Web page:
10 most difficult antiquity riddlesAntiquity quiz
Where is that ancient Roman theatre located?
The Roman Theatre of Orange, France was built in the early 1st century. It is one of the best preserved of all Roman theatres and is currently used as a festival site called Chorégies d'Orange. In 1981, UNESCO declared the theatre as a World Heritage Site.
On February 15, 399, Socrates was sentenced to death by drinking ...
Socrates was sentenced to death by giving him poison named Hemlock for asking philosophical questions. Consumption of Hemlock poison results in an ascending muscular paralysis with eventual paralysis of the respiratory muscles which results in death due to lack of oxygen to the heart and brain.
Known maker of poisons in the Roman Empire of the first century was ...
Locusta was a notorious maker of poisons in the 1st-century Roman Empire, active in the final two reigns of the Julio-Claudian dynasty. She supposedly took part in the assassinations of Claudius and Britannicus. She was a favourite of emperor Nero for several years. Following Nero's death, Locusta was executed by his successor, Galba
What is the Hero's engine?
A hot air balloon
An aeolipile (or aeolipyle, or eolipile), also known as a Hero's engine, is a simple bladeless radial steam turbine which spins when the central water container is heated. In the 1st century AD, Hero of Alexandria described the device in Roman Egypt, and many sources give him the credit for its invention.
Who wrote the Roman epic poem Annales?
Ennius was a writer and poet who lived during the Roman Republic. He is often considered the father of Roman poetry. Although only fragments of his works survive, his influence in Latin literature was significant, particularly in his use of Greek literary models. Annales is his most famous work, and the first epic poem that covered the early history of the Roman state.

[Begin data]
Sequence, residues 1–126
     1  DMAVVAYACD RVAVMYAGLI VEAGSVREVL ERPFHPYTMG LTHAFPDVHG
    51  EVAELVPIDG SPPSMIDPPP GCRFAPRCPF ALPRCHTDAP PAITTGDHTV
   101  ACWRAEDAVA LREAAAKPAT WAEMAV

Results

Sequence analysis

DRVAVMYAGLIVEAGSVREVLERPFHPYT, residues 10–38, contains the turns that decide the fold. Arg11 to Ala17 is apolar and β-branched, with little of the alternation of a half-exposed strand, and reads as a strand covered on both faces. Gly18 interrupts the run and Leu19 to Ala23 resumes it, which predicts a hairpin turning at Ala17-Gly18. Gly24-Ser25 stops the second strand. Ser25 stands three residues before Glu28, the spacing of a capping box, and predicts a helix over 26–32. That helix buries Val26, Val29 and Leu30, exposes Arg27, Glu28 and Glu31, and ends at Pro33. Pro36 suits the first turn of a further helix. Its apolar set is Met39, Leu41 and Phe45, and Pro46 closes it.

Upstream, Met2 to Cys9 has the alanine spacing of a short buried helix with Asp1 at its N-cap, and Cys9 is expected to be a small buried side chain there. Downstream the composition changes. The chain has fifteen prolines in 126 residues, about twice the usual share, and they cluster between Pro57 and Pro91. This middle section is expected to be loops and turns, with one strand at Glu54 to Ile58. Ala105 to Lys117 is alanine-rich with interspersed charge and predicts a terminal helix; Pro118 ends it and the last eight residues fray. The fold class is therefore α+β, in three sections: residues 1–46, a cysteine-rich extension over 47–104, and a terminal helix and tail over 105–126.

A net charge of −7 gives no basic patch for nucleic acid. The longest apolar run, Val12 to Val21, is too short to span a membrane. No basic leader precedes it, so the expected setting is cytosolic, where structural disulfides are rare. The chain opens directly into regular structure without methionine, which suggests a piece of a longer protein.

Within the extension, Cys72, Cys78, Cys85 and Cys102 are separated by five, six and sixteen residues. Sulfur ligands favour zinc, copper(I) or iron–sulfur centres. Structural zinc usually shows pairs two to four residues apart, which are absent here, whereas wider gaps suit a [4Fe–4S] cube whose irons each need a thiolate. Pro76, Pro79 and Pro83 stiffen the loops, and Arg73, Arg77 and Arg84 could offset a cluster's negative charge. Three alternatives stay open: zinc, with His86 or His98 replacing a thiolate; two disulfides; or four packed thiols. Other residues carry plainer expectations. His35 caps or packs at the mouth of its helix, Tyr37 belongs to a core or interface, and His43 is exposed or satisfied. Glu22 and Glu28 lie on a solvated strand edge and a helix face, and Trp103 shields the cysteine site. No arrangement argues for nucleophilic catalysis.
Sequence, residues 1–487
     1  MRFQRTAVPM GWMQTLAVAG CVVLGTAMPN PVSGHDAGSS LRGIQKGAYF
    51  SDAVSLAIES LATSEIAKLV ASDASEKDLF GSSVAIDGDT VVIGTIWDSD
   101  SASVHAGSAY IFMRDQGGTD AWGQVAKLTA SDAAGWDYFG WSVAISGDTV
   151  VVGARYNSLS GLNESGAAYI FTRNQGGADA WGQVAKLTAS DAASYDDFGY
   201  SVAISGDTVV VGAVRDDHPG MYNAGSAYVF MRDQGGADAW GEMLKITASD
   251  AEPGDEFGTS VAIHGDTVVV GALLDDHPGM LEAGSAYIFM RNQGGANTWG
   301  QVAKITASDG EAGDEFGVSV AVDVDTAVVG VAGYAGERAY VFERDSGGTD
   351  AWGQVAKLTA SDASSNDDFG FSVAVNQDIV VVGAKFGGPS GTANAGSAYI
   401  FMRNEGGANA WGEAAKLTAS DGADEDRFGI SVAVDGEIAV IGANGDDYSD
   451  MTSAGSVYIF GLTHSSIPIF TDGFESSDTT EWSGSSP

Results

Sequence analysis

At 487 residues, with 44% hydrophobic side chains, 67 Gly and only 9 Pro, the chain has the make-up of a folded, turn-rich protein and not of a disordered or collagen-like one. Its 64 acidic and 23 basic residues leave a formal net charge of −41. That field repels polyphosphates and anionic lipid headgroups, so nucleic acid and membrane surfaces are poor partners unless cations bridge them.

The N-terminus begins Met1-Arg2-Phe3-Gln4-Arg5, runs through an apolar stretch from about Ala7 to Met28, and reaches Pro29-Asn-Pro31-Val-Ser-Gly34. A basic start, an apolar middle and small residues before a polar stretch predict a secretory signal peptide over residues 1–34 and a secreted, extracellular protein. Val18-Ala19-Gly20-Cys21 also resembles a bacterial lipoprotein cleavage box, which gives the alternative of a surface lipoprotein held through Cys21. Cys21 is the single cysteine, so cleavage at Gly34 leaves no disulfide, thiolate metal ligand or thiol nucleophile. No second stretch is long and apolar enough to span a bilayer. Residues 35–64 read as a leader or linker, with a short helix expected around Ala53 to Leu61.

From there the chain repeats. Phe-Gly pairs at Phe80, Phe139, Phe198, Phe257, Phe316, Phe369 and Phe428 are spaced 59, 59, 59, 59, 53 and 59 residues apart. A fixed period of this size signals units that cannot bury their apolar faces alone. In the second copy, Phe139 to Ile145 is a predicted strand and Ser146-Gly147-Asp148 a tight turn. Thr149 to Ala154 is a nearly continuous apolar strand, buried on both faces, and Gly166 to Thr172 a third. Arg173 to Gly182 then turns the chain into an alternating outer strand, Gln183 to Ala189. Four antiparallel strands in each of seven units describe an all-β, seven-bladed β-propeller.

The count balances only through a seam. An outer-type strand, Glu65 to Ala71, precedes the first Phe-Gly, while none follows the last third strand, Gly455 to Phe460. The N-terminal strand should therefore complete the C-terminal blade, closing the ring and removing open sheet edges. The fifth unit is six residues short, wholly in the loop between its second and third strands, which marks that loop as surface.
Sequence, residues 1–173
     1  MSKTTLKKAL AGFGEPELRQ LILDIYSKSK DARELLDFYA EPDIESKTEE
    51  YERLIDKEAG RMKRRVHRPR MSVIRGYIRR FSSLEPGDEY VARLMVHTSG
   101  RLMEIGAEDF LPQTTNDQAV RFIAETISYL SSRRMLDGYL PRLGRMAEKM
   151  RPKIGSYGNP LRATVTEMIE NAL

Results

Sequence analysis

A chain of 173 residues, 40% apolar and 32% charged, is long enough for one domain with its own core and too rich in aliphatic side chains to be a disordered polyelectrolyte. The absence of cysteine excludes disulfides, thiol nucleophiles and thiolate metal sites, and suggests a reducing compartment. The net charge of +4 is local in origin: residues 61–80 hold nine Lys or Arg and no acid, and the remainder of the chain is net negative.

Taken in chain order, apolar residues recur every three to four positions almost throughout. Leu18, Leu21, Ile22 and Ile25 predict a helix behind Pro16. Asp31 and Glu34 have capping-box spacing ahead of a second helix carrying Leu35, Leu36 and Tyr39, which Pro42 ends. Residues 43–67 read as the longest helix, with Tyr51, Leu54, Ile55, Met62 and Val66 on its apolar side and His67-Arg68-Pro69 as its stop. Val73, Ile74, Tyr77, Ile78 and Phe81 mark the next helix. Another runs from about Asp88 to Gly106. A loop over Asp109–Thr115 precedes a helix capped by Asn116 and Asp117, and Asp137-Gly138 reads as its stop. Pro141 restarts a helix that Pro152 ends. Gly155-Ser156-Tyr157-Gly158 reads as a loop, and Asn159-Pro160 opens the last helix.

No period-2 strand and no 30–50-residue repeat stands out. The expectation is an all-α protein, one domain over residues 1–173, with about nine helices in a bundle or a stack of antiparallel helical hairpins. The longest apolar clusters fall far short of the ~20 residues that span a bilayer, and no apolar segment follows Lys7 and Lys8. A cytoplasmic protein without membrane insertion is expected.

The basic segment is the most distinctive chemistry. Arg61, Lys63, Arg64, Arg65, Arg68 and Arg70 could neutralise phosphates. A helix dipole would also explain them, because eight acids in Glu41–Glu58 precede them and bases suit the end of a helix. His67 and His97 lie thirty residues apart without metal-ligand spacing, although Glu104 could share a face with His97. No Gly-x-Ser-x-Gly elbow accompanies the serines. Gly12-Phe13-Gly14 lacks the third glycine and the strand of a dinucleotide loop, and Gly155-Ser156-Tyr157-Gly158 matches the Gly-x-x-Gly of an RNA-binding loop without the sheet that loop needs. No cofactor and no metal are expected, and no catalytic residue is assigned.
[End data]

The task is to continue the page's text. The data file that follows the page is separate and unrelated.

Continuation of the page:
The author of the first dictionary in history is ...
Zenodota from Ephesus
Didymosa from Alexandria
Aristophanes from Byzantium
Aristarcha of Samothrace
Aristophanes of Byzantium was a Hellenistic Greek scholar, critic and grammarian, particularly renowned for his work in Homeric scholarship. Born in Byzantium about 257 BC, he soon moved to Alexandria. He succeeded Eratosthenes as head librarian of the Library of Alexandria at the age of sixty. As a lexicographer he compiled collections of archaic and unusual words.
Which ancient historian wrote the History of the Peloponnesian War?
As the title suggests, the work is a historical account of the Peloponnesian War. It was written by Thucydides, an Athenian historian who also happened to serve as an Athenian general during the war. His account of the conflict is widely considered to be a classic, and regarded as one of the earliest scholarly works of history.
Who wrote "The Art of Poetry"?
Ars Poetica is a poem written by Horace c. 19 BC, in which he advises poets on the art of writing poetry and drama. The Ars Poetica has "exercised a great influence in later ages on European literature, notably on French drama" and has inspired poets and authors since it was written.
What ancient philosopher is considered as the father of botany?
Pliny the Elder
Theophrastus is often considered the father of botany for his works on plants. The two of his most important books, Enquiry into Plants and On the Causes of Plants, constitute the most important contribution to botanical science during antiquity and the Middle Ages as well as the first systemization of the botanical world.
Where are the ancient ruins of Puma Punku?
Pumapunku is part of a large temple complex or monument group that is part of the Tiwanaku Site near Tiwanaku, in western Bolivia. It is believed to date to AD 536 and later. Tiwanaku is significant in Inca traditions because it is believed to be the site where the world was created.